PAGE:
9. Thanks for yet another great report (yes, they are getting better). My thoughts include: Why one would visit TWO lounges in the same airport, during the same trip is beyond my understanding, except that you are collecting and sharing information… As in other notes, not in any particular order, origination lounges are often a waste of time, but for en-route layovers or terminal arrivals they can be a blessing – even if one pays a fee. While LHR is one of the world’s major transit points, smart folks avoid it if possible, even if doing so results in a slightly longer transit. (Please remember that most of us are trying to get somewhere, not just inspecting the services.) En-route and arrival lounges are functionally more important than are the departure lounges, but very few flyers (or airlines) think that far ahead.
    And an old thought from an old traveler, whose first commercial flight was on a DC-6 or /7, a couple of years before the Jet Age began. Before deregulation, all commercial air travel was close to what we now know and Business or First class. (Today’s coach seats are worse than a Greyhound bus in all measures except speed.) The grace and comfort of the Pre-Jet and Early-Jet is (think pre-deregulation) still available and gracious flying IS possible. One simply buys a Business Class or better seat. In relative dollars, the costs are high, but about the same as they were when nearly all seats were “First Class.” In those regulated days, the airlines could not compete on price, so service was their game. Loads of under 50% still provided a modest profit for the airlines and if they hit 75%, they were making big money. Thanks to Al Kahn, that’s gone, loads above 85% are the norm and one eats what one brings, even for some First Class trips. While flying CAN still be fun, it is an expensive hobby – and yes, even for experienced collectors or points and miles. Thanks. -C.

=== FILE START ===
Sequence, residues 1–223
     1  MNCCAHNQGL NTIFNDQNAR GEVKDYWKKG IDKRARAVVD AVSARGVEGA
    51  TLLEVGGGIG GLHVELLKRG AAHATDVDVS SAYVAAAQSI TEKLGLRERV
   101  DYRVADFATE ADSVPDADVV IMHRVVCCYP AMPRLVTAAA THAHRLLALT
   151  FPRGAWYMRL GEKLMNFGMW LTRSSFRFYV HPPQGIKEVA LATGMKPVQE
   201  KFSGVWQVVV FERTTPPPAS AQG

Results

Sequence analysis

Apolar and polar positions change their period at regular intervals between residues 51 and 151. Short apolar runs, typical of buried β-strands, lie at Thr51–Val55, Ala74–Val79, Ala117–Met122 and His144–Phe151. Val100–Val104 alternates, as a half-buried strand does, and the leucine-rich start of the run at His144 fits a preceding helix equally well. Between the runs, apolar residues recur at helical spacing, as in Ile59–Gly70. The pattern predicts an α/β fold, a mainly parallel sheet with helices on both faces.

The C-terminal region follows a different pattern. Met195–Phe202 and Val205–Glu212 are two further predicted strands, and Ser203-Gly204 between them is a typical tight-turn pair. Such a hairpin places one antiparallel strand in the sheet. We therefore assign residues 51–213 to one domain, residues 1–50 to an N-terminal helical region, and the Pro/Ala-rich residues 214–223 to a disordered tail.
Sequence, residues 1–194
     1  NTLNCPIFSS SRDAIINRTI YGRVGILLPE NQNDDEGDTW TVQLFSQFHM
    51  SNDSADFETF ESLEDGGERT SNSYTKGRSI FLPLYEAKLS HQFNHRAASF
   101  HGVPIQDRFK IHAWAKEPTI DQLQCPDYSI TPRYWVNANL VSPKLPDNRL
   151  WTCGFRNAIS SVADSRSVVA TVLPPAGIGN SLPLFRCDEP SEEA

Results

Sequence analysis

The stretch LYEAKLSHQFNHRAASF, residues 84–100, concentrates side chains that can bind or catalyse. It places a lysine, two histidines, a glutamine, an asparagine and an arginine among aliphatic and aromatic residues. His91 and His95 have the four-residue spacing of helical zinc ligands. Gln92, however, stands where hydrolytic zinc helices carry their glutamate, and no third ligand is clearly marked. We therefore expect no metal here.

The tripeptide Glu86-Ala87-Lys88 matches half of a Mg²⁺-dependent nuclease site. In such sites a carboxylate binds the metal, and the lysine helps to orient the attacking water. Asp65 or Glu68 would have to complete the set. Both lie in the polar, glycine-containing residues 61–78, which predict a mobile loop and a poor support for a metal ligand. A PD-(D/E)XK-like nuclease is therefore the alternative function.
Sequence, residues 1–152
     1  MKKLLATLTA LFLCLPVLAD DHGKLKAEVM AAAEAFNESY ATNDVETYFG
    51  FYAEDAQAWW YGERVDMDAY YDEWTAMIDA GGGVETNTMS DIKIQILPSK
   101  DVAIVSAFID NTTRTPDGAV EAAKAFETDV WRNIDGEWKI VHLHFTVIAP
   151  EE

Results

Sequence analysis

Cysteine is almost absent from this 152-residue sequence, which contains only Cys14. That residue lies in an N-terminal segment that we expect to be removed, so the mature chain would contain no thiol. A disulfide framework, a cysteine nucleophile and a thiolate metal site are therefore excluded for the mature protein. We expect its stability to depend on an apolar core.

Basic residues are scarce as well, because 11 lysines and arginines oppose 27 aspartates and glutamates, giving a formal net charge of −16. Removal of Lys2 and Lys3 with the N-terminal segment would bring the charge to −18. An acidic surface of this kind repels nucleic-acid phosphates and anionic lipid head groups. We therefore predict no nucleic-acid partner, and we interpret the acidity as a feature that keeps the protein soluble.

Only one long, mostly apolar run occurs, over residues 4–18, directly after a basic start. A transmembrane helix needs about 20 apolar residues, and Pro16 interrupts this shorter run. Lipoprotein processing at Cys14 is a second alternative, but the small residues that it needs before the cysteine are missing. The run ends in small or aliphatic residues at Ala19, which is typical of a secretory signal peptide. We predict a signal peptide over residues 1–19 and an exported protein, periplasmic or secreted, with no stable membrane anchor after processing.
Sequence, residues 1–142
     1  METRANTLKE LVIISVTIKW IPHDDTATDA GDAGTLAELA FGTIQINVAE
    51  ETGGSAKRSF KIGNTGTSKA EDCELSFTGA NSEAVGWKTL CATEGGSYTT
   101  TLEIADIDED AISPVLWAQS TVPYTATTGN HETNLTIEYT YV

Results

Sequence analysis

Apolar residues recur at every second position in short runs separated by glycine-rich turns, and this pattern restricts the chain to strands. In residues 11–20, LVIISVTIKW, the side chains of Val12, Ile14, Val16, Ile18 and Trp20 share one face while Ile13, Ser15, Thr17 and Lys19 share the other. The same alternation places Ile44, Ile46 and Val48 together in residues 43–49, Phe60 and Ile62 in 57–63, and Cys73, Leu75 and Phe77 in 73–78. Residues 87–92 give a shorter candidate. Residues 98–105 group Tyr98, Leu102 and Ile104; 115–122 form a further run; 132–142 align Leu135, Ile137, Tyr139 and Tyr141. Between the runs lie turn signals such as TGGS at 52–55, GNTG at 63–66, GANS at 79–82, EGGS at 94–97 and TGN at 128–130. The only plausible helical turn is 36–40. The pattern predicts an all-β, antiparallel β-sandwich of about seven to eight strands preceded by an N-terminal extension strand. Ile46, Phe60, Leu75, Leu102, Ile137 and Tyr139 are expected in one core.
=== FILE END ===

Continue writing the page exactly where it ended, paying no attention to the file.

10. I remember when terminal 4 was the big international terminal for the UK. Would sit there listening to the multitude of foreign voices around. All going somewhere. Great send off on an expedition to lands unknown lands.

    Nice to see that the first class lounge does not put out wasteful amounts of food. Good for them!

  11. I know this is a really newb question but is all of that food in the first class lounge complimentary?

  12. While I certainly agree that LHR is one of the worldā€™s biggest cluster%&^*ā€, travel between the terminals on the Heathrow Express is actually easy and, most importantly not said in the article, free. There are also free shuttle buses between the terminals and hotels that service the airport (I have had to use them many times due to weather and airline imposed delays). It is, however, important to leave sufficient time to retrieve your bags and transfer if you are transiting between different airlines. The timeframe required for the Express is well-articulated. I have never traveled from LHR T4 but have done so from all the rest. The lounges are generally very good but I am interested in seeing the T4 lounges and whether there are any options given MAS Oneworld partnership.

  13. The Hotel Hoppa is not free. Ā£9 round trip. And takes an effing age to show up to dark, damp, windy stops.

    Spicy baked beans. Just the thing to serve pax before a long haul flight.

  14. Travel between terminals is really easy at LHR – unless you have to pick up checked baggage and then recheck it. If you have through-checked luggage, or are HBO, then you should just follow the purple signs and go on the intra-terminal transfer buses. It’s really quick and easy.